The Security Service Edge: EXPLAINED
Security service edge (SSE) will be one of the most talked about subjects in 2022, and beyond. The problem is not many IT leaders understand what SSE is, how it differs from SASE, what to look for when selecting one, or the value they provide for the business.
In the video below I demystify SSE. Enjoy.
Over the next few minutes, I’m going to explain what Security Service Edges are, why they’ve been created, and hopefully give you some clarity on how to leverage them for your business in the near future. First, want to think about why any of this matters at all. The biggest causes for this change is the increase in cloud and user mobility over the last few years.
And what good is cloud if you don’t have a secure means providing connectivity to this? At the fundamental basis, Security Service Edge is meant to secure access between authorized users and specific applications that might be in cloud. These could be private apps running in public cloud, private apps running in legacy datacenter, SaaS applications like Microsoft 365 and Salesforce, or even the open internet.
So one thing that many customers need to wrap their heads around, especially if you’re used to the network security world, is, given what’s going on in the space, increased use of cloud mobility– these are networks that organizations don’t control. You don’t control Microsoft 365’s network or AWS or Azure’s network. You don’t control the personal Wi-Fi that a user’s working from home.
How do you do network security in this world? The reality is, you can’t. So the big question here is, how do we secure access to the internet? If that’s the case, how do we use the internet as, essentially, the new corporate network? That’s where this new set of technology really comes into play. Now, before we get into what SSE is, we first need to think about how we got here.
Over the last few years, there have been several technologies that have been introduced– secure web gateways, a key technology, then you had cloud access security brokers. This was all around discovering SaaS applications that were in use, minimizing over privilege and over sharing of cloud resources as well, and more recently, a new technology called zero trust network access, AKA ZTNA. These were developed to secure access to private applications that are often a great alternative to VPN to use for remote employee access, third-party access, accelerating M&A, and a whole host of other key use cases that businesses care about.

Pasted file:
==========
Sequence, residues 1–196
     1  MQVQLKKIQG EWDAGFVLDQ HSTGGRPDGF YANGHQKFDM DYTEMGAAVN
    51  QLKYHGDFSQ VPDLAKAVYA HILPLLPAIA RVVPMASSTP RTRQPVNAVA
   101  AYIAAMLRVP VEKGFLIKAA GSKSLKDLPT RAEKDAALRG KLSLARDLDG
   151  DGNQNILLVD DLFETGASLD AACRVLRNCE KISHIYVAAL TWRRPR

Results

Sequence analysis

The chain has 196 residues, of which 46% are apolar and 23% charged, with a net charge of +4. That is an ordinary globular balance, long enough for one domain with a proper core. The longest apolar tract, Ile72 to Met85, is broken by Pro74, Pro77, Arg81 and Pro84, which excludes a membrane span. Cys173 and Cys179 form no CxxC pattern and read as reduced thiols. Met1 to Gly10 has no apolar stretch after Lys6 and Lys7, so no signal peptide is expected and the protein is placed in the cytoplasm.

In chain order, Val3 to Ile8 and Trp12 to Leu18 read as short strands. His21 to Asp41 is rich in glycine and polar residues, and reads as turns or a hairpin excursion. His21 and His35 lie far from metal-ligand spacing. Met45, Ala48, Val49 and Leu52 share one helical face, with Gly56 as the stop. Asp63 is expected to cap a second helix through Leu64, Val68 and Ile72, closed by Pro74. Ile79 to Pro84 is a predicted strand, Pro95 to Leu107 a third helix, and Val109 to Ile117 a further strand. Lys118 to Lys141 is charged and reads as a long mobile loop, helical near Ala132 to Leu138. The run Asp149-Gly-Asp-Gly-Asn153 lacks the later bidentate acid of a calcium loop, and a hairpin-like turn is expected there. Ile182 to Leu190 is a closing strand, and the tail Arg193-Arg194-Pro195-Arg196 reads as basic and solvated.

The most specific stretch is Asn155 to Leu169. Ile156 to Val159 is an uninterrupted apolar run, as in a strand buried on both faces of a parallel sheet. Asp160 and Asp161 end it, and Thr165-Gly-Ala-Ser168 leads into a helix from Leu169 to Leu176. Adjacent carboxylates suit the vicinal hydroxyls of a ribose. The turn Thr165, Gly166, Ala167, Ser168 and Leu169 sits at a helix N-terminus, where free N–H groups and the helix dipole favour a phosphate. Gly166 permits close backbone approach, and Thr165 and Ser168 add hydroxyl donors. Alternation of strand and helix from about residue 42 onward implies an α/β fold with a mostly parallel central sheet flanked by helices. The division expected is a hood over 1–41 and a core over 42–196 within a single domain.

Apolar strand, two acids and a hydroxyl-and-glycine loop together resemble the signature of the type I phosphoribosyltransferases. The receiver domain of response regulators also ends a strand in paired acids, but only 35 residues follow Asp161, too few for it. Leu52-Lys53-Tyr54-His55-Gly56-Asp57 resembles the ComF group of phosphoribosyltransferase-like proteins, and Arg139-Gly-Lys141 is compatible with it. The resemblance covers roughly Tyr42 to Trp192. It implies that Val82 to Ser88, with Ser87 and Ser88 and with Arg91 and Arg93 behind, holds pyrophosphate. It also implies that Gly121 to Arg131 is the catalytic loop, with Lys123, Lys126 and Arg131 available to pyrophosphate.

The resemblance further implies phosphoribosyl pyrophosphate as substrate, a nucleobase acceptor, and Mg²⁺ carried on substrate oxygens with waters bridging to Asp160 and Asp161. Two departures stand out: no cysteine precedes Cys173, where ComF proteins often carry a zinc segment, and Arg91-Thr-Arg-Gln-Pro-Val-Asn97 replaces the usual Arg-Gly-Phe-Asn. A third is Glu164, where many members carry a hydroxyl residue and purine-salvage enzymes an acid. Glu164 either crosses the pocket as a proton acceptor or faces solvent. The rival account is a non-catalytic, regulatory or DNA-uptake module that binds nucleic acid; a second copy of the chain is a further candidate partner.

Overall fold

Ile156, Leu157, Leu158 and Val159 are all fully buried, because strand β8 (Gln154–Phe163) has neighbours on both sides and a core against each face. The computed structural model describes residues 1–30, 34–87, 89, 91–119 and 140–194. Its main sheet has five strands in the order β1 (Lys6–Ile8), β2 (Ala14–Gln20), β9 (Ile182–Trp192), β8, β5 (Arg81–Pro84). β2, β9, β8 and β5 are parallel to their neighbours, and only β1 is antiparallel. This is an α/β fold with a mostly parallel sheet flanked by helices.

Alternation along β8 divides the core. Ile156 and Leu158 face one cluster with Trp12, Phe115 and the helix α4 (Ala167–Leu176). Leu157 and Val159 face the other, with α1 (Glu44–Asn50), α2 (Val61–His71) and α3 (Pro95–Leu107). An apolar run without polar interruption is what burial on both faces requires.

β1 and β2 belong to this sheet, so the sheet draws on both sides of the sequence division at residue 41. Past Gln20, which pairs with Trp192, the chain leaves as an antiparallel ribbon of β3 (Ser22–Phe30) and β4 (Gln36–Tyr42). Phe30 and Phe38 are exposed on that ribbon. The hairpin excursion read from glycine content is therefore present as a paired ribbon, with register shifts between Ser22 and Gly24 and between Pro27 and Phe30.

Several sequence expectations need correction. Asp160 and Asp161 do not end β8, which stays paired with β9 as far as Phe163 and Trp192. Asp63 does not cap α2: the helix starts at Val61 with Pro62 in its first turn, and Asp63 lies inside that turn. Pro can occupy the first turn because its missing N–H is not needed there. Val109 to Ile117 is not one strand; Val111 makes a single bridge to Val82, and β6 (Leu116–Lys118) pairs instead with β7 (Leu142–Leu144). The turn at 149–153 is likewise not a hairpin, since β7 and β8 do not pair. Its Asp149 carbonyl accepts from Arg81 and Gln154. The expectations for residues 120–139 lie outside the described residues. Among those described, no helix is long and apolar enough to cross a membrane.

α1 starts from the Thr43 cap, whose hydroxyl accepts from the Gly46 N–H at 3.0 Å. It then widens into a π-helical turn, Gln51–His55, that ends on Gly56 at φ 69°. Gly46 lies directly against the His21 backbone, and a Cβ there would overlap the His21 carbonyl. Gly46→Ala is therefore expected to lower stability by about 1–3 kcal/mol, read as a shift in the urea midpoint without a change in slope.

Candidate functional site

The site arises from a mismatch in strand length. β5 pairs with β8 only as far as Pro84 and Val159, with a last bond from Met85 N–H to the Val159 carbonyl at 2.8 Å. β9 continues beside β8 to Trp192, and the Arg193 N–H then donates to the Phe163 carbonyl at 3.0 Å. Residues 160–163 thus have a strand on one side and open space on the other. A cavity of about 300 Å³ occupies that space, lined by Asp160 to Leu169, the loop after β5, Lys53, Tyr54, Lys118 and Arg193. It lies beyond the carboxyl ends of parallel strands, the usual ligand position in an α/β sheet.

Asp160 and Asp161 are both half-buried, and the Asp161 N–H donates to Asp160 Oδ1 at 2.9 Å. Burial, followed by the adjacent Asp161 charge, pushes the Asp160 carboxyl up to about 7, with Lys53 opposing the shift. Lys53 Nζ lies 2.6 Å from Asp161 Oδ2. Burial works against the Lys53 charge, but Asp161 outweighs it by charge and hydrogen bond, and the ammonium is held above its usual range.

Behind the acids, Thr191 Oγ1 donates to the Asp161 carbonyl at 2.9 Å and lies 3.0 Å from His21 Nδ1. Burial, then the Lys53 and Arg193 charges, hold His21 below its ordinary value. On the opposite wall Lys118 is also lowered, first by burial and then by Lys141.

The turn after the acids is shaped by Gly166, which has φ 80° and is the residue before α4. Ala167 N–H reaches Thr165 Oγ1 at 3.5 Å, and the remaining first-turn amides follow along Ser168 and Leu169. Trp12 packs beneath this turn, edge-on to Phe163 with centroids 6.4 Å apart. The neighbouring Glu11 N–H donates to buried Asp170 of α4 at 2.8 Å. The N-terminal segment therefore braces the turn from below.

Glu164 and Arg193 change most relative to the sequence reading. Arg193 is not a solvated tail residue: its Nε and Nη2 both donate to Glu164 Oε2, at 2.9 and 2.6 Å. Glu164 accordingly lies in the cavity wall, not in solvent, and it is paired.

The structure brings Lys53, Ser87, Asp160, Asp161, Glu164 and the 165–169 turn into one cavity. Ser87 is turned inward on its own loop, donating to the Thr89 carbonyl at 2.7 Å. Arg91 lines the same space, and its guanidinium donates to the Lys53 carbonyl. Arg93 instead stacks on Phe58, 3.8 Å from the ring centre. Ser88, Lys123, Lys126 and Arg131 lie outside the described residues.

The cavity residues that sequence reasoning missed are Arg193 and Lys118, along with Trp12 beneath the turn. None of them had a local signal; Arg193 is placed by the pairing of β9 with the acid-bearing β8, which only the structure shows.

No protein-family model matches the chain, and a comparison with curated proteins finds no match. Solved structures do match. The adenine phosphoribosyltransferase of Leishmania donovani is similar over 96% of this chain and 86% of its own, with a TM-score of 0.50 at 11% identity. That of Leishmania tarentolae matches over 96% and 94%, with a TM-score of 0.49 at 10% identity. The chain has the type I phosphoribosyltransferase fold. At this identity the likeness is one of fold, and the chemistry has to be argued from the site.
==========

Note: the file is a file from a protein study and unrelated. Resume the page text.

Now, what Gartner and other key firms started to realize was that these technologies were starting to converge into a single framework. That framework it’s called Secure Access Service edge, SASE. Well you might be familiar with that SASE term. It’s probably the architecture and marketing buzz term you see at the top of many of these security vendors out here. What Gartner has done over time, though, has looked to develop more intricate definitions for what SASE means. It started as the overall framework and architecture, and the refining is down to two key subsections.
Now, the first is around WAN optimization. So this is where you see tools like SD-WAN, content delivery, et cetera, being focused on. Again, on the network operations perspective. The other piece is what’s called Security Services Edge, and that’s what we’re going to talk about today. This is essentially the set of network security technologies that were traditionally delivered by perimeter-based solutions deployed on-prem.
What’s happening is, these technologies are being moved to cloud. They’re being cloudified, if you will. So now, key technologies like SWG, CASB, and ZTNA are conjoined as a single solution, a single integrated set of security services meant to secure access to business resources. So what does that look like? Here’s a high-level SSE architecture representation. Now, you’ll find right away, this is very different from network connectivity. In many cases, you’ll find that this is not about connecting user to a network at all. It’s about connecting a user, or in some cases, even a server, another application, to a specific application, and only that app.